By Joe Friedrichs
Pilot staff writer
For Shelley Knapp, a world without color wouldn't be much of a world at all.
The longtime Brookings quilter and kaleidoscope designer has devoted her professional life to working with color through art.
"The best part of my career is being able to share my love for color with the world," she said.
She and her husband, Randy, who is also an artist, have been able to make their living through a shared passion for kaleidoscopes and other forms of art for the past 17 years.
For the next month, the Knapps will have several of their handmade kaleidoscopes on display in an internationally known, juried exhibition known as Kaleidoscope Reflections. Shelley will also have a quilt showcased during the show.
Kaleidoscope Reflections opened on Sept. 8 will run to Oct. 15 in North Bethesda, Md. Kaleidoscope Reflections will feature more than 100 kaleidoscopes by 53 artists.The scopes on display will range from the size of a pen cap to a 10-foot long box.
Kaleidoscope Reflections was founded by Maryland native Cozy Baker and started in 1985. Every year it draws crowds from all over the world, said Georgina Javor, manager of media relations for Strathmore, the venue where the show takes place.
Javor said Randy and Shelley are known as some of the most talented artists in the Maryland event.
The Knapps have been receiving high praise at the exhibition since it opened. One of their kaleidoscopes, titled "Fruit of the Forest," has already been presented with an honorary award.
"This is the first work we have ever had in a juried show," Shelley said. "It's been an honor to take part."
The "Fruit of the Forest" series features a type of kaleidoscope that stands several feet off the ground and is best viewed by placing it on a stand and leaning over to look into the opening, in contrast to the traditional handheld style.
The "Fruit of the Forest" scopes are selling at the Maryland art exhibition for $2,800 a piece.
It takes more than a year to make one Fruit of the Forest' kaleidoscope, Randy said. The wood-gathering process is the biggest time consumer. It involves the use of a crane to gather the right-sized fresh wood. After the wood has been gathered and dried, the work continues.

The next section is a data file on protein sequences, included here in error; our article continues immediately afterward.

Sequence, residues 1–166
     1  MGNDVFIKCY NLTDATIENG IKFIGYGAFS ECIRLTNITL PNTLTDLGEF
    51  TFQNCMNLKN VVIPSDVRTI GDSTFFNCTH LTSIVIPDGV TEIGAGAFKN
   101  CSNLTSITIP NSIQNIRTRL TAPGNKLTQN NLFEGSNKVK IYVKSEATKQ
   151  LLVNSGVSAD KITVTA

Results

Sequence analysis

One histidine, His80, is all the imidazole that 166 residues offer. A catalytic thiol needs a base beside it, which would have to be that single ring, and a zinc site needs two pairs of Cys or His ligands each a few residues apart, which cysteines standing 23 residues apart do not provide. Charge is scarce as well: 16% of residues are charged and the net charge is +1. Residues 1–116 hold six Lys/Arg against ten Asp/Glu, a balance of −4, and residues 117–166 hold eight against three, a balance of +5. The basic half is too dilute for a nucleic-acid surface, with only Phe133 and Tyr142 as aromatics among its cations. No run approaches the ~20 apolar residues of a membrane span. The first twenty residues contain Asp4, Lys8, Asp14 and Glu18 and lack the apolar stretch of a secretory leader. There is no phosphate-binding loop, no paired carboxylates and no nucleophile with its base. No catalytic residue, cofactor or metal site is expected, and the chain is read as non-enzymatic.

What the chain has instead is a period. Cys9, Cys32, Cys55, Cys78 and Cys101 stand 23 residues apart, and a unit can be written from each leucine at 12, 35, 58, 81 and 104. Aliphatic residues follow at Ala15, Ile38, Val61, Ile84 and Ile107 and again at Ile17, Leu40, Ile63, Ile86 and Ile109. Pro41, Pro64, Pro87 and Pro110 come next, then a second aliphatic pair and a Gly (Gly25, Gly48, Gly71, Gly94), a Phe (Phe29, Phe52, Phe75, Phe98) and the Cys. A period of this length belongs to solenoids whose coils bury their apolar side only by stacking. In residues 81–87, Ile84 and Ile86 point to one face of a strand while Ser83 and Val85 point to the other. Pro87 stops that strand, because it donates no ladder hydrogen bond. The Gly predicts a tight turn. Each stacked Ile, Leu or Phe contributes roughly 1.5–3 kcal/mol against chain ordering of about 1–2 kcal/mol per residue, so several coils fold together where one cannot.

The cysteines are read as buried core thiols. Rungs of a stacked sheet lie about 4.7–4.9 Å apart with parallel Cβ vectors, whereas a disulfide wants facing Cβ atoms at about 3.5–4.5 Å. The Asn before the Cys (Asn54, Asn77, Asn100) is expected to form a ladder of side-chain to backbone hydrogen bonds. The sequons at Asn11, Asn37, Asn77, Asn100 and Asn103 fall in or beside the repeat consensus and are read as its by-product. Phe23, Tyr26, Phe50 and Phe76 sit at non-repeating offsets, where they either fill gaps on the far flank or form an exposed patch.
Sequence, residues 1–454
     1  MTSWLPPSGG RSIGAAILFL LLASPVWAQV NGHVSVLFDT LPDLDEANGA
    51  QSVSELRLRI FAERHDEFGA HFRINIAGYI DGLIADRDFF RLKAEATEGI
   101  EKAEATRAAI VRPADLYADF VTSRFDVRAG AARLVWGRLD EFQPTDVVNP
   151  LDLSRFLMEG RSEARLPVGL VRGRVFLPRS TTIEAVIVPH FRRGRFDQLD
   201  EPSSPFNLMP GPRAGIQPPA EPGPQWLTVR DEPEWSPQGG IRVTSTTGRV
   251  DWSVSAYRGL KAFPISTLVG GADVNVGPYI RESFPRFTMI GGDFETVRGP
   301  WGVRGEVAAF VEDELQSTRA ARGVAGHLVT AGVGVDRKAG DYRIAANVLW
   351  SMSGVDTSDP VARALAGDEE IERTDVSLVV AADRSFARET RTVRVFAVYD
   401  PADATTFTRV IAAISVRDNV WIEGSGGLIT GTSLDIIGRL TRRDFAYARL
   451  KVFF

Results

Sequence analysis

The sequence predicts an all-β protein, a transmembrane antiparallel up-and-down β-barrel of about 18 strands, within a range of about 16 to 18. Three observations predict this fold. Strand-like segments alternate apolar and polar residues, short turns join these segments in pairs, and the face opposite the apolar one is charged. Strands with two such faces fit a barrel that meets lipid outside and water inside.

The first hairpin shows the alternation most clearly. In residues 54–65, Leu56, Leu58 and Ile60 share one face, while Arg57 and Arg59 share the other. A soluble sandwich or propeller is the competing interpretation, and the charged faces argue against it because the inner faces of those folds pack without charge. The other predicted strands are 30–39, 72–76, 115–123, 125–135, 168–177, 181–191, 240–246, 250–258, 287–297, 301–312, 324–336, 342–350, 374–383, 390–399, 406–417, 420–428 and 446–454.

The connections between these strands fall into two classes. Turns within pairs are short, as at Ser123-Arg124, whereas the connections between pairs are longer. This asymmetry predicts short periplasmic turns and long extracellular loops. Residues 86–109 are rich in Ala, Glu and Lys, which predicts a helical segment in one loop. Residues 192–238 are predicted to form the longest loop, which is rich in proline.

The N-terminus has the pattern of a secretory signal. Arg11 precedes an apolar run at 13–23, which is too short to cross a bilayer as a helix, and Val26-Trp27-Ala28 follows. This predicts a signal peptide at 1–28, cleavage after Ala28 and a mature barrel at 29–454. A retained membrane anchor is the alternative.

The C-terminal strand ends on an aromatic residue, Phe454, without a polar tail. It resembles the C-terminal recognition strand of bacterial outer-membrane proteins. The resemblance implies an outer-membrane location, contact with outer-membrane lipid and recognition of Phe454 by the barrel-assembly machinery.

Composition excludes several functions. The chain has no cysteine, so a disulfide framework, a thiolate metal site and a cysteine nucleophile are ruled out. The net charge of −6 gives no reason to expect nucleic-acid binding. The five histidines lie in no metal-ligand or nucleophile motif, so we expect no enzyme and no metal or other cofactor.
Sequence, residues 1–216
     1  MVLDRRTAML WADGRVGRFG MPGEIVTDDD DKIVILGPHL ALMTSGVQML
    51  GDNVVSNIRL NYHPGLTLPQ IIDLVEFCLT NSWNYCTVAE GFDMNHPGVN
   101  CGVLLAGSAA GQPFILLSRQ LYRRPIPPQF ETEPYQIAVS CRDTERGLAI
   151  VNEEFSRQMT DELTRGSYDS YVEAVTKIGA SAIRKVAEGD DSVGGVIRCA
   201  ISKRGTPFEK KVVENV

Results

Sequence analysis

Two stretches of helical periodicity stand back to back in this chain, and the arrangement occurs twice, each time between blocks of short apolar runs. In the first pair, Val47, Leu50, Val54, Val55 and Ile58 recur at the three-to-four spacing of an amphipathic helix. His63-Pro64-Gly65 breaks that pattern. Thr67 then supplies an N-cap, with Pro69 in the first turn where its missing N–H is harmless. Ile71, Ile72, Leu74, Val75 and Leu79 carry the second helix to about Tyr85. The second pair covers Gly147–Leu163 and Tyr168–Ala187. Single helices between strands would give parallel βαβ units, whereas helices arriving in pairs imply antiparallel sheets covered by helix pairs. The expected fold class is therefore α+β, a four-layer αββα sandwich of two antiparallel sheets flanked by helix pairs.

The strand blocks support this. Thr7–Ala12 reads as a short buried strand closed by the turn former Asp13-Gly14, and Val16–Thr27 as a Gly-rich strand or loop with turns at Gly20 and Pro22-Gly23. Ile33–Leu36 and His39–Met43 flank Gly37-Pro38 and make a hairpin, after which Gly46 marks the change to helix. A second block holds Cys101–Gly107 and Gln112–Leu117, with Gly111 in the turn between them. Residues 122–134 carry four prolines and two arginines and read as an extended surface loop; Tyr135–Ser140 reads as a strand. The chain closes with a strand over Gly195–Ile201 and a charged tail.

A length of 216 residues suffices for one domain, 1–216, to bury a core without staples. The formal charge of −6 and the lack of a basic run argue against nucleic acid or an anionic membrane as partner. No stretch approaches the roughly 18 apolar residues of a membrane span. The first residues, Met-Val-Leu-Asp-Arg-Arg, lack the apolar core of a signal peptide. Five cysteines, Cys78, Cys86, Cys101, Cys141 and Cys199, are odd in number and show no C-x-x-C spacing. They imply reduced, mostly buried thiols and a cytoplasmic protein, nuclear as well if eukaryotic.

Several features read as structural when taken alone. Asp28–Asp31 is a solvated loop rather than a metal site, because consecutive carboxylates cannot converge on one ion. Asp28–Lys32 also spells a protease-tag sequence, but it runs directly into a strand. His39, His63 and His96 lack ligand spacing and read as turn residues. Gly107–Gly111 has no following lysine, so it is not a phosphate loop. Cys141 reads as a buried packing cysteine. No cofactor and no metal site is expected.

"Some of the scopes we make take up to 30-hours of labor while others take six or eight," Shelley said.
The other kaleidoscopes the Knapps have on display at Kaleidoscope Reflections range from $190 to $900 in price, Shelley said.
In addition to the kaleidoscopes, Shelley also has a quilt she made in the show. Her quilt is on sale for $4,800. To make a large quilt, such as the one on display during Kaleidoscope Reflections, it takes Shelley from 60 to 200 hours of labor, depending on the size and the complexity of its designs. One of Shelley's large quilts is about 64 sqaure feet.
Because of commitments the Knapps had with friends, family and work prior to their admittance in the Maryland show, they will be unable to attend, Shelley said.
In the years the Knapps have been working in the art community, their artistic skills have developed in a number of ways.
Randy's career started in a a glass shop where he spent a decade as a master glazer. He also spent time as a woodworker then. It was during this time that he founded Randy Knapp Woodworking.
Both Randy and Shelley are self taught.
"I have no formal training," Shelley said. "Randy took all the available shop classes he could in high school and learned the rest on his own."
In their years of involvement with the art world, the Knapps have traveled and made friends all over the world.
"That's been one of the best aspects of all this," she said. "The traveling we have been able to do."
In a world that revolves so much around color, Shelley said it would be nearly impossible to pick a favorite.
"People ask me all the time what is my favorite color," she said. "For me it changes all the time. Having only one color as a favorite would not be as much fun as having them all be at different times."
The Knapps plan to continue their lives in the world of art. It would be very difficult to imagine doing anything else, Shelley said.
" To be able to create something that is capable of generating an endless array of beautiful images is what is important to me," she said. "That's what I want to share with people."